Tasuku Honjo

Life Drama, a Scenario of the Genomethat Requires Adlib:
Strategy of the Immune System

One of the most striking messages by the complete nucleotide sequence determination of the human genome is that the number of genes in the human genome is approximately 30,000, which is only 2 folds more than that of fruit fly. This finding has raised an important and puzzling question. How can humans accomplish such sophisticated functions as nervous and immune systems by a limited number of genes?

One strategy to amplify genetic information is to alter DNA sequences themselves after birth. The immune system takes advantage of genetic alteration to amplify the genes for antigen recognition. During lymphocyte differentiation, T and B lymphocytes generate the V region of antigen receptor genes by recombination of two or three subsegments of the V region. Since each lymphocyte recombines a random pair of subsegments, each consisting of multiple copies up to 80, combination of these segments generates a huge number of antigen receptor genes. After differentiation into mature IgM-expressing B lymphocytes, antigen stimulation induces two additional types of genetic alteration in B lymphocytes which produce antibodies. First, somatic hypermutation introduces million times more frequent point mutations in the V region gene responsible for antigen recognition. This mutation can generate antibodies with higher affinity to a given antigen, allowing the antibodies to eliminate a small amount of the antigen with high efficiency. Second, class switch recombination takes place in the heavy-chain constant (C) region locus and replaces the C region with other C regions which are involved in elimination of recognized antigens. Class switch recombination gives rise to a variety of isotype classes such as IgG, IgE and IgA.

Until very recently, the molecularmechanism to accomplish class switching and somatic hypermutation was a complete mystery. Recent discovery of Activation Induced cytidine Deaminase (AID) has revealed that class switch recombination and somatic hypermutation share a common mechanism. In addition, AID is speculated to be an RNA editing enzyme from its structure, biochemical reaction and chromosomal localization. This indicates that RNA editing, another mode of the genetic alteration system is coupled with DNA alteration such as class switch recombination and somatic hypermutation. Taken together, our genome information has to be diversified and enriched by genetic alteration to accomplish higher order biological functions such as the immune defense system. Thus, the drama of life is written by a scenario that requires adlib for its sophistication.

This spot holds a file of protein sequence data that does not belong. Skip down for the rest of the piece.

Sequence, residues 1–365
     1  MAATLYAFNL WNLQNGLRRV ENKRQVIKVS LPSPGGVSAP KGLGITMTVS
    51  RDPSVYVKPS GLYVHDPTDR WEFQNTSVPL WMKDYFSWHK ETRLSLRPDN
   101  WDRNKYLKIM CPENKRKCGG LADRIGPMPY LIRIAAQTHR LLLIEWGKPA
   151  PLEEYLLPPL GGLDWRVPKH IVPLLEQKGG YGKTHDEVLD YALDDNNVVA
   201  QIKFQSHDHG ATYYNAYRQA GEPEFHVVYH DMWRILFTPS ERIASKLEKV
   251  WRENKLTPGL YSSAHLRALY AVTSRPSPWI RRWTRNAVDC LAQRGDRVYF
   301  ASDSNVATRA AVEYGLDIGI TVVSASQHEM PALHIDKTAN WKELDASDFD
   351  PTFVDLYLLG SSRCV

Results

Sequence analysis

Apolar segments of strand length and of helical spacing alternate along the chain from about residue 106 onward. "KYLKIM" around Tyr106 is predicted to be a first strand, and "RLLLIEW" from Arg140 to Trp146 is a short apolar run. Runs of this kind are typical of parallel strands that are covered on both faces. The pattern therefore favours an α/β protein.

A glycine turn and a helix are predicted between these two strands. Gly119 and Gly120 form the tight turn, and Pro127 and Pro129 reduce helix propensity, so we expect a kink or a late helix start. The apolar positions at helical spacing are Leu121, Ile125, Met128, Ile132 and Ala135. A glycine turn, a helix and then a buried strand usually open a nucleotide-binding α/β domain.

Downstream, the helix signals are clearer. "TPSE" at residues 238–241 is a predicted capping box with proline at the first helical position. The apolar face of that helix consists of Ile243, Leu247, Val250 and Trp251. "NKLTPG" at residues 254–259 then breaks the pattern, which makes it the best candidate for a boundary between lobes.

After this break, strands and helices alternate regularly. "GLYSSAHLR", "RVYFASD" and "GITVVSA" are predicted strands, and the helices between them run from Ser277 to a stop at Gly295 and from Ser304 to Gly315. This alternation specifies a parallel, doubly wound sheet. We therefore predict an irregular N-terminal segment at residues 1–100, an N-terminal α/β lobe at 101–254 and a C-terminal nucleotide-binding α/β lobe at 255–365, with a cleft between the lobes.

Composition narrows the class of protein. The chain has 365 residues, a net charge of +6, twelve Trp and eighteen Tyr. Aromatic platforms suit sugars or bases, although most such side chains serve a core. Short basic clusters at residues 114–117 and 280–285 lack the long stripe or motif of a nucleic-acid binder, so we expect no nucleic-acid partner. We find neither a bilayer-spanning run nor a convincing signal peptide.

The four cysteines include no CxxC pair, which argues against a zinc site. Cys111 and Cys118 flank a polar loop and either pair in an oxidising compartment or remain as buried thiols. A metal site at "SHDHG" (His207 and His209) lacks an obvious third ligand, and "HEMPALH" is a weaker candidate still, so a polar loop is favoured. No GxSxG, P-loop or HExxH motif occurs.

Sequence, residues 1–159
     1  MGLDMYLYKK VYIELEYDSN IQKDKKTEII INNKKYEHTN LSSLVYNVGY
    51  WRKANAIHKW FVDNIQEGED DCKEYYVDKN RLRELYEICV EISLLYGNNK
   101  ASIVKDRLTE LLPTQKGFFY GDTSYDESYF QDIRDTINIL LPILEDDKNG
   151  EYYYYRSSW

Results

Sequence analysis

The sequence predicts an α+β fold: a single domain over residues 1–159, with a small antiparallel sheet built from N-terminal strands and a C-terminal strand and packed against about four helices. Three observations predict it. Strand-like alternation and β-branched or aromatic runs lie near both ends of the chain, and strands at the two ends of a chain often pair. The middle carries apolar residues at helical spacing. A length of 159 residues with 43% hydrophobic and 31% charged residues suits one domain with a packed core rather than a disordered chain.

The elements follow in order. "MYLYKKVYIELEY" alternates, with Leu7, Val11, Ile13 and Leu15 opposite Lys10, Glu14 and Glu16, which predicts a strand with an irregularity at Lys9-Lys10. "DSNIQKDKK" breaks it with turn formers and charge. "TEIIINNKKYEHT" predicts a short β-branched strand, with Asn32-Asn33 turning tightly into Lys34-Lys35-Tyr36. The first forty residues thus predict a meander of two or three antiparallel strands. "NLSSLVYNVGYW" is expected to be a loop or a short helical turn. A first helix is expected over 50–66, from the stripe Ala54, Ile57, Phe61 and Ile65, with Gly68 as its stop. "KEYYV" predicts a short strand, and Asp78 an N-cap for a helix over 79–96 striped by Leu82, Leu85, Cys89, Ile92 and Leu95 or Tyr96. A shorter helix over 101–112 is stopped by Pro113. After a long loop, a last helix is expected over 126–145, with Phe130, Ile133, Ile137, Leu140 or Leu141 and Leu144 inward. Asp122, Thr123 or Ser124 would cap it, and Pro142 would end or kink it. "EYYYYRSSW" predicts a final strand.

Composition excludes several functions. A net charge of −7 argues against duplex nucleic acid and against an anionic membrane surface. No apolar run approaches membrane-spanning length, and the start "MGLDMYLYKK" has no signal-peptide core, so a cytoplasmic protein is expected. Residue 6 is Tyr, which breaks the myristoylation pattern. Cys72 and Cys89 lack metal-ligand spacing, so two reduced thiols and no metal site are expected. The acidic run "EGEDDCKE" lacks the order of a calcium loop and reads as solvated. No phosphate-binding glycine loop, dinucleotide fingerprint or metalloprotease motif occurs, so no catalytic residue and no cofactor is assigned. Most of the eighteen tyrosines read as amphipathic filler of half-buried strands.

Accumulation of germinal center B cells in AID-/- mice
The germinal center is a site where class switch recombination and somatic hypermutation take place. In the absence of AID, activated B cells accumulate and form giant germinal centers.The figure represents spleen from AID+/- and AID-/- mice. Green colour shows activity proliferating germinal center B cells.

Photo of Honjo

Tasuku Honjo

Born in 1942.
Graduate of the Graduate School of Medicine, Kyoto University
Ph.D. and M.D., Kyoto University
Professor, Graduate School of Medicine, Kyoto University
URL http://www2.mfour.med.kyoto-u.ac.jp/English/Engversion.html (External Link)

"Genes hold within themselves the ability to change."

Prof. Honjo is a quiet man. But when he speaks there is a strength in his voice that makes one sense a passion welling up from deep within, like thermal energy. He says he finds immunology fascinating and began his studies in that field purely out of a desire to unravel its mysteries. He also feels fortunate to live at a time when great strides are being made in molecular biology. He plans to complete his current research in three years' time, and is carefully considering what he plans to become involved in after that. "I may become a professional golfer," he says. It will be exciting to see what unexpected adlib turns Prof. Honjo's life scenario will take in the years ahead.